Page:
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Sonia v Mayawati - A tale of two rallies
Sharat Pradhan in Barabanki, UP |
April 16, 2007 16:41 IST
Both Congress President Sonia Gandhi and Bahujan Samaj Party chief Mayawati are busy criss-crossing Uttar Pradesh holding campaign rallies to woo the voters.
There is one thing in common in their speeches -- both believe in Mulayam bashing -- while one did it with finesse, the other was more open and blatant in her criticism.
The rallies of both leaders pull in huge crowds. Yet there was a subtle difference -- the audience at Mayawati's rallies was far more responsive that those who converged at Sonia's rallies.
There is also a difference in the confidence levels displayed by the two. Bubbling with enthusiasm and confidence of riding to power in the state, Mayawati added spice to her speeches by assuring her audience that she would punish all those who had wronged the state or the Dalit cause. On the other hand, Sonia had little to offer -- not even an air of confidence.
While Mayawati is focused on impressing upon the electorate that she will form the next government in the state on her own, Sonia was busy harping on the party's much beaten line -- that non-Congress regimes were responsible for UP's misrule. Except for making promises that Congress alone could 'restore the lost glory of the state' -- the line followed by Prime Minister Mamnohan Singh and Rahul Gandhi as well -- there was not much that Sonia had to offer as any concrete example.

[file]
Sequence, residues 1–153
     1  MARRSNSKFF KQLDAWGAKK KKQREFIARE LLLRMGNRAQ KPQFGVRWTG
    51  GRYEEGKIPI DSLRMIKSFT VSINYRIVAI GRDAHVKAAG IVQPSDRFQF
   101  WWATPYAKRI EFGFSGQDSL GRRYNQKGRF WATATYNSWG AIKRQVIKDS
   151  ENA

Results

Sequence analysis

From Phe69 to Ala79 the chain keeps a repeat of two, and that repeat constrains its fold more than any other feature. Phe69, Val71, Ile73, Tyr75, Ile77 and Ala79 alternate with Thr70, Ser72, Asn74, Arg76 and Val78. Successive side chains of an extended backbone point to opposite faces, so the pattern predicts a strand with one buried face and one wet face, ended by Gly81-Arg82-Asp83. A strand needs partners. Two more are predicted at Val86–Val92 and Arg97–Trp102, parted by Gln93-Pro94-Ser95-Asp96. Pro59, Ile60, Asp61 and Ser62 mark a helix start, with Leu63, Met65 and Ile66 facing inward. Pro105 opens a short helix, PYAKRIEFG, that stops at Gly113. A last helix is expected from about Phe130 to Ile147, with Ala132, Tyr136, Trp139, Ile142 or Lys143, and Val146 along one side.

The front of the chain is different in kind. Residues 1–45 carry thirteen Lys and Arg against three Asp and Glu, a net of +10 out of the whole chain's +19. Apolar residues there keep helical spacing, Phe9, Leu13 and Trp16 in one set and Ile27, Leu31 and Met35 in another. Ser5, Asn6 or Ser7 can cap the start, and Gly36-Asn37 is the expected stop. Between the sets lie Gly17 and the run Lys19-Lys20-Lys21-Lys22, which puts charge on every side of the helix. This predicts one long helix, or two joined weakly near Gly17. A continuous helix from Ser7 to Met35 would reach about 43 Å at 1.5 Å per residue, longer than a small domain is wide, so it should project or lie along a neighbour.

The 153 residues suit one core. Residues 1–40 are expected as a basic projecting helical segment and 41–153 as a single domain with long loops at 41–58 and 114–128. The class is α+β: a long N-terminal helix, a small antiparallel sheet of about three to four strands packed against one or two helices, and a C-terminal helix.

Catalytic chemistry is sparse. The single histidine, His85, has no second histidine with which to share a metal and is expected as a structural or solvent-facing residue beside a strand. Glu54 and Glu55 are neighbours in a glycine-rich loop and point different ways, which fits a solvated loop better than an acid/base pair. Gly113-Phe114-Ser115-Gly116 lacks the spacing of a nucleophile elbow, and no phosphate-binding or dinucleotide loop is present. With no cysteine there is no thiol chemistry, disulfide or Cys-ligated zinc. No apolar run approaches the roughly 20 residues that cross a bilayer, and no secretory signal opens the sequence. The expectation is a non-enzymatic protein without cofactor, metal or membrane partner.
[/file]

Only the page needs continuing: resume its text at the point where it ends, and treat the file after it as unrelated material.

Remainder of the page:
In sharp contrast was also the fact that as against a full contingent of leaders who accompany Sonia at most of her rallies, Mayawati remains the sole campaigner for her outfit.
It was coincidence on Sunday when the two women leaders landed in Barabanki (35 km from state's capital Lucknow). Not only were the two venues barely two km apart but there was also a gap of just about two hours between the two rallies.
Except for the beginning when UP Congress chief Salman Khurshid managed to elicit responses from the crowds to his query whether they wanted change in UP, the impressive gathering at the Sonia show looked quite docile and somewhat ambivalent.
On the other hand, the gathering at Mayawati's rally remained vibrant throughout. Each time the BSP chief would give a call of taking up something or even when she flayed her bete noire Mulayam Singh Yadav, the UP chief minister, the crowds would respond with spontaneous applause.
As against the presence of a large number of tractor-trolleys and trucks around the venue of the BSP rally, one noticed large number of buses, cars, and jeeps outside the Congress assembly.
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